England wrap up muted series win

England 446 bt Pakistan 74 and 147 by an innings an 225 runs

England hurried to victory at Lord's this morning by an innings and 225 runs over Pakistan to wrap up the npower series 3-1 with a day to spare.

Yet celebrations were eerily muted for what appeared a significant achievement as Andrew Strauss' team chalked up their seventh win in eight Tests to continue impressive preparations for the winter's defence of the Ashes in Australia.

It was their misfortune to do so against opponents batting under the cloud of 'spot-fixing' allegations and who - Umar Akmal's incongruously defiant 40-ball 50 apart - surrendered so tamely to be bowled out for 147 in their second innings that it was near impossible to avoid the conclusion their minds were not properly on the job.

Pakistan faced an apparently hopeless task, their only feasible ambition to retrieve some damaged pride and a little of their reputation with spirited if inevitably vain efforts on the pitch.

Instead they lurched still further from an already perilous 41 for four, losing four more wickets for 32 runs before Umar dominated stands of 24 and then 50 with numbers 10 and 11.

Graeme Swann's figures suffered a little, but he still finished with five for 62 - and nine wickets in the match - to put his name on the honours board.

The scoreboard was perhaps still the least of Pakistan's troubles, however, following last night's newspaper allegations of attempts to defraud bookmakers and the subsequent arrest of a 35-year-old man - from outside the squad - in relation to the matter.

The Pakistan team manager has confirmed captain Salman Butt, teenage bowler Mohammad Aamer, Mohammad Asif and wicketkeeper Kamran Akmal were also interviewed by police at the team hotel last night.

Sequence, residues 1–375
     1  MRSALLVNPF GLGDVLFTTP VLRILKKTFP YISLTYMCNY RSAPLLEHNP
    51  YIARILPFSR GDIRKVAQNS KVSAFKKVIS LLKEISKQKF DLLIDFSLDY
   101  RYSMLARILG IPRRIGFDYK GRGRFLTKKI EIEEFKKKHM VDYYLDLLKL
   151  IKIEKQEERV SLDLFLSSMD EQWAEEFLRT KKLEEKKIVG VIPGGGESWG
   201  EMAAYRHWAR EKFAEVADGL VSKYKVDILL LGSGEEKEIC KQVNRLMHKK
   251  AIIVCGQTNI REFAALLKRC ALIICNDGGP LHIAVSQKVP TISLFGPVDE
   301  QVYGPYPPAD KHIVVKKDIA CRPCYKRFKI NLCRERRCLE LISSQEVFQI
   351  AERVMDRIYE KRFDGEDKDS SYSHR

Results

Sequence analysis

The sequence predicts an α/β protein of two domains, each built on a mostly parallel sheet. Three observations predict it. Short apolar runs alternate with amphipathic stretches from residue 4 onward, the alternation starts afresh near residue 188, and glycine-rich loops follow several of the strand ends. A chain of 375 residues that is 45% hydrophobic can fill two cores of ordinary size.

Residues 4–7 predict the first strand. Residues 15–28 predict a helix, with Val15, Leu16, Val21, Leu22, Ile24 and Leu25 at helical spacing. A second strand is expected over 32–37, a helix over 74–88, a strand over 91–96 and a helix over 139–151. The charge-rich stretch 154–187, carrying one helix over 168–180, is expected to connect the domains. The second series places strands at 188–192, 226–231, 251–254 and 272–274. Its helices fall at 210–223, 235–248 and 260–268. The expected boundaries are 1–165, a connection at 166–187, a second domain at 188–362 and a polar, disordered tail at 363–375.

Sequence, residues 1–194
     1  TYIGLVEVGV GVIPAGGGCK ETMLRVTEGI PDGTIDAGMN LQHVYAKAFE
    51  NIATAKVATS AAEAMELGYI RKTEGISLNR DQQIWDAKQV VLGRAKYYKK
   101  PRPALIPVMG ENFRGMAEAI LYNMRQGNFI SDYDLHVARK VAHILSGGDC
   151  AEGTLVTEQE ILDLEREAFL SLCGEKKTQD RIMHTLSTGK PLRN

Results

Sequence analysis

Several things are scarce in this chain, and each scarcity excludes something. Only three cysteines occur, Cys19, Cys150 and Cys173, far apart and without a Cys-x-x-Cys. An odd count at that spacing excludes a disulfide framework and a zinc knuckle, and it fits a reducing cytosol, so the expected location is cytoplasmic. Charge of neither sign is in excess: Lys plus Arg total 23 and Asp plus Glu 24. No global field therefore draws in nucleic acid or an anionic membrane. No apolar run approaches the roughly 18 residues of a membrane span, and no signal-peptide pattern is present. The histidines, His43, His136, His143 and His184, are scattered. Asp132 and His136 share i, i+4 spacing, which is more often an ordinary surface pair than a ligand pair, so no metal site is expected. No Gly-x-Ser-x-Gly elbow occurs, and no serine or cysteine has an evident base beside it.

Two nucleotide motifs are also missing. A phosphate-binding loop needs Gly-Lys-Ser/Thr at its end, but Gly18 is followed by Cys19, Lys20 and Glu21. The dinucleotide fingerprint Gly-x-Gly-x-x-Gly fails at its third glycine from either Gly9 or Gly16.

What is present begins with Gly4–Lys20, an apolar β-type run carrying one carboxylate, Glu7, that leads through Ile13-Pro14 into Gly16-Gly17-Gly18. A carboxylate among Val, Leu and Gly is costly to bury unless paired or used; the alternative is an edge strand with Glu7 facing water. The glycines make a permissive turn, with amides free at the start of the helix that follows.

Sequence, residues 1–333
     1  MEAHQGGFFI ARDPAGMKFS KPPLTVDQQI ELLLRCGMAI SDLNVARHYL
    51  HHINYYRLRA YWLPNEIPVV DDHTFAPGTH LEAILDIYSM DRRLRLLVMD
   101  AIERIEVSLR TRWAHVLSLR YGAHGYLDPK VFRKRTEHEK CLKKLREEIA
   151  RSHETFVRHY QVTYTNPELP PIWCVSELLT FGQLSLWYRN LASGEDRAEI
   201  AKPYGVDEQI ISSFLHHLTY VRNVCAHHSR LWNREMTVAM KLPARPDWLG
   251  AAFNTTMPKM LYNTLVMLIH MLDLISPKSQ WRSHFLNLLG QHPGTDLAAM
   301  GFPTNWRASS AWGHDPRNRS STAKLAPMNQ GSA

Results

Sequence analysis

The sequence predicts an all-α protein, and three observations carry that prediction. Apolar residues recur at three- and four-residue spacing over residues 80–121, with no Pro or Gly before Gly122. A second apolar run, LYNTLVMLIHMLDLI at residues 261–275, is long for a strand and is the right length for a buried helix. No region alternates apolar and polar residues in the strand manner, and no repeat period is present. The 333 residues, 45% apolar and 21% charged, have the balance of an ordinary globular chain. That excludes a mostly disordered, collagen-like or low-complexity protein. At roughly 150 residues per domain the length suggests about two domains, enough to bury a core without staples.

The Lord's members showed no obvious displeasure with the tourists at the revelations, not-out batsmen Azhar Ali and Umar Akmal politely applauded as they made their way out to bat.

The partnership did not last long, however, and Pakistan's fortunes were not about to take a sudden and unexpected turn for the better.

Ali appeared to account for more spin than Swann could find from the pavilion end in the third full over of the day, and was bowled off-stump for 12 as he played inside the line.

Each of the next two wickets could muster only a run between them, James Anderson having Kamran Akmal caught behind with an outswinger and Swann turning an off-break sharply down the hill to hit left-hander Aamer's off-stump and see him off for a duck.

Wahab Riaz chipped a tame catch to mid-on off Swann, and Umar and Saeed Ajmal's rally ended in a tragicomic run-out.

The batsmen looked set to run into each other attempting a single which was never achieved, Ajmal short of his ground when Stuart Broad hit the non-striker's stumps direct from cover.

England's almost embarrassing superiority was a stark contrast to their collapse to 102 for seven two days ago and owed so much to a triple-century world-record eighth-wicket stand between Jonathan Trott and Broad.

Of the 18 other batsmen, only Umar Akmal (79 not out) - with some lone-ranger big hitting off Swann in particular - mustered more than Butt's 21 yesterday in a curious match which was put out of its misery when Asif unluckily edged Swann down on to his boot and then into the hands of Paul Collingwood at slip.